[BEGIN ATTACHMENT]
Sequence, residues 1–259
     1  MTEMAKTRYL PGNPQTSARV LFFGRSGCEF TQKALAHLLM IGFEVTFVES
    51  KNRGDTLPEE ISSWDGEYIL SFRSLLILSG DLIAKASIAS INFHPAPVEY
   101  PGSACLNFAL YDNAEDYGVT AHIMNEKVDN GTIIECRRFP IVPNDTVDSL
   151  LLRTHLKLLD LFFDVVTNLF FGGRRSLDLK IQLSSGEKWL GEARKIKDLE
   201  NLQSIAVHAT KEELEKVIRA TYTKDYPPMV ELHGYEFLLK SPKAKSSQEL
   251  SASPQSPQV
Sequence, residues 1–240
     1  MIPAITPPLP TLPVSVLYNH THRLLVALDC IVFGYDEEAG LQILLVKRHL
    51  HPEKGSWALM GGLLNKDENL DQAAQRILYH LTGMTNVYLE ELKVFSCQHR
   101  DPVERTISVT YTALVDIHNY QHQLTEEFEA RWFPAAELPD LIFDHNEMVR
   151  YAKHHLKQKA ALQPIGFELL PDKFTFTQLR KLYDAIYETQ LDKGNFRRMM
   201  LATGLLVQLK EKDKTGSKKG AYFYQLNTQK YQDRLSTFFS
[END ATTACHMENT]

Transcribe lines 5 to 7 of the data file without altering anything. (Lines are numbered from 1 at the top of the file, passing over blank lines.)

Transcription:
   151  LLRTHLKLLD LFFDVVTNLF FGGRRSLDLK IQLSSGEKWL GEARKIKDLE
   201  NLQSIAVHAT KEELEKVIRA TYTKDYPPMV ELHGYEFLLK SPKAKSSQEL
   251  SASPQSPQV